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Starting a NC Food Business

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Resources to help get your food business started in north carolinaThere are many things to consider and learn when starting a food business in North Carolina. Understanding the regulations, laws, legalities, and more can become quite complex since several organizations are often involved. NC State Extension can help you navigate and find resources to get you started.

Food regulations vary across states and even across counties. North Carolina law authorizes the production of low-risk foods in home kitchens under certain circumstances. Under the Good Manufacturing Practices (GMP) developed by the FDA, an inspection is required before selling food from a home kitchen. However, before an inspection occurs, one must decide which products to make and sell. Foods that can be prepared in a home kitchen are broken down into two categories: high-risk foods and low-risk foods.

High-risk foods must be produced in a licensed commercial facility and include the following:

  • low-acid canned foods
  • refrigerated or frozen products (including dairy products)
  • seafood

Low-risk foods are considered safe for home production and include:

  • acidified foods (such as fruit, jam, and salsa)
  • baked goods
  • candies
  • jams and jellies
  • pickles

Shelf-stable pickles, acidified foods, sauces and some liquids, are allowed, but these foods require laboratory testing. 

Interested in selling at local farmers’ markets? If so, contact the Market Manager at each location since guidance will vary from market to market.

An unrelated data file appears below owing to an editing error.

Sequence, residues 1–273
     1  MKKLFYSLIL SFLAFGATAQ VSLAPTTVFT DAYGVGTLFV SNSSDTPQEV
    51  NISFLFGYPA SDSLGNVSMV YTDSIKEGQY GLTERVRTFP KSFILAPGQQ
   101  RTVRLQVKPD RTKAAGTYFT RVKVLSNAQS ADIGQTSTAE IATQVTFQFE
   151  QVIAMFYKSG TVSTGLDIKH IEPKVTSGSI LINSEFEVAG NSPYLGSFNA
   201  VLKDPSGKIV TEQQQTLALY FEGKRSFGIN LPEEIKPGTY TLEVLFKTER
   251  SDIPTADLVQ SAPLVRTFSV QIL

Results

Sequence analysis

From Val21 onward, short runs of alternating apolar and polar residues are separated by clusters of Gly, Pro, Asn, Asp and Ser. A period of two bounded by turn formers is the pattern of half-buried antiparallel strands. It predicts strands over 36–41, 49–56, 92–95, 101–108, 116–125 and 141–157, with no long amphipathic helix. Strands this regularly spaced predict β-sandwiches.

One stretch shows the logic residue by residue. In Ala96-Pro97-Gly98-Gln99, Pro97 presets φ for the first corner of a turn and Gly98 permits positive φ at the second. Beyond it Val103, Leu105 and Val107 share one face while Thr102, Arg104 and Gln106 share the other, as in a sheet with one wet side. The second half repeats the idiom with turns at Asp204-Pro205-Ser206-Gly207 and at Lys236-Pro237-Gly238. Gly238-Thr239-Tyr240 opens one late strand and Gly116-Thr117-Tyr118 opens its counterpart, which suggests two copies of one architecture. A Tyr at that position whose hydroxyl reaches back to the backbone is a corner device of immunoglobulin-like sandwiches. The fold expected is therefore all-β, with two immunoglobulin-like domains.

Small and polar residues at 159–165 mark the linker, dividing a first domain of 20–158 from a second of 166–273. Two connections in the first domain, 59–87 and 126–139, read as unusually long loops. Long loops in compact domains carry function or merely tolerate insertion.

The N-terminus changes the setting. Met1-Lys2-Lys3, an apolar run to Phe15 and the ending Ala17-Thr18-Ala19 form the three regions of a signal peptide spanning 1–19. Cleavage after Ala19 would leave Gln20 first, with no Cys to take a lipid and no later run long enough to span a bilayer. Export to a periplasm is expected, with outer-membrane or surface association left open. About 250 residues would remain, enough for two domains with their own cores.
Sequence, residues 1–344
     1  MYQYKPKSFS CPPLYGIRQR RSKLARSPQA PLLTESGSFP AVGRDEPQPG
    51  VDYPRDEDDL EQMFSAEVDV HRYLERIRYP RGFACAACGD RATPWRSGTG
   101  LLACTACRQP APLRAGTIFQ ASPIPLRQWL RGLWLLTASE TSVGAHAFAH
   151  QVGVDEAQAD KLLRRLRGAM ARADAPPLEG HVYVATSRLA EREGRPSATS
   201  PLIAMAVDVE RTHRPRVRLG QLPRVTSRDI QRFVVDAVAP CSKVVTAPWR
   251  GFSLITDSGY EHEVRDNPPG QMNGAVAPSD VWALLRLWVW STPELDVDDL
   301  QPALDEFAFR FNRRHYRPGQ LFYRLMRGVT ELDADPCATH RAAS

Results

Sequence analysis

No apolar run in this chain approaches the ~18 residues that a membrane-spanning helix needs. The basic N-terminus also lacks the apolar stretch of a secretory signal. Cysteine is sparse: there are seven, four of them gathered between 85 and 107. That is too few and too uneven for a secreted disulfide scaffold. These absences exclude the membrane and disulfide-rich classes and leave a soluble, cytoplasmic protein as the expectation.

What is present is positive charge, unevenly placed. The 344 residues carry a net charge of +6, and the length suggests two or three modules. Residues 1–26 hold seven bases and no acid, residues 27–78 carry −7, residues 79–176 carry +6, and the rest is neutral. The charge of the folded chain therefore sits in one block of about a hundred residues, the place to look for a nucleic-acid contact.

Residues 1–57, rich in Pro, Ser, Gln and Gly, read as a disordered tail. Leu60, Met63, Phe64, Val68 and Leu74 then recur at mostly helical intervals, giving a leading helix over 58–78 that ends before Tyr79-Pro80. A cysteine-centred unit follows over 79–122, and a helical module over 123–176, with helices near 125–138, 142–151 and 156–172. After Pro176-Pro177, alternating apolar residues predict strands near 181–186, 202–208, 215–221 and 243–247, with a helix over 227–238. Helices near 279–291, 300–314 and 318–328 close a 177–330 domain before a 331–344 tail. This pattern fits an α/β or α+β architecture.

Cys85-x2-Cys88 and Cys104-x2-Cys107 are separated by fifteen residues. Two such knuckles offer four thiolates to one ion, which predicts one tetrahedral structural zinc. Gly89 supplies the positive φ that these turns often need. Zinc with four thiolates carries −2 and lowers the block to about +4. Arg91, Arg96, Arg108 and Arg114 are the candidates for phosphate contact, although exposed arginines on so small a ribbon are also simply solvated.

Resources to help in starting a NC food business: 

  1. Gaston County Environmental Health:  Contact your local health department’s Environmental Health for regulations related to catering, food trucks, food stands, meat markets, plus more. Phone:  704.853.5200
  2. NC Beekeepers Association: Learn more about labeling requirements for selling local honey
  3. NC Department of Agriculture & Consumer Services – Food & Drug Protection:  Assures consumers that foods, feeds, drugs, cosmetics, and automotive antifreezes are safe, wholesome and properly labeled. Contact a Food Compliance Officer to learn more about requirements for specific foods. Phone:  984.236.4820
  4. NC State:  Acidified Foods Manufacturing School
  5. NC State:  Entrepreneurial Program (Product Testing & Labeling)
  6. NC State:  Food Business Resources
  7. NC State:  Retail Food Safety Programs:  These training programs are designed to provide consistent, evidence-based programs targeted to specific audiences. Contact your N.C. Cooperative Extension County Center for programs available near you.
  8. Selling Eggs, Meats, and Poultry in NC
  9. NC Farmers Market Network:  Resources for starting a farmers market near you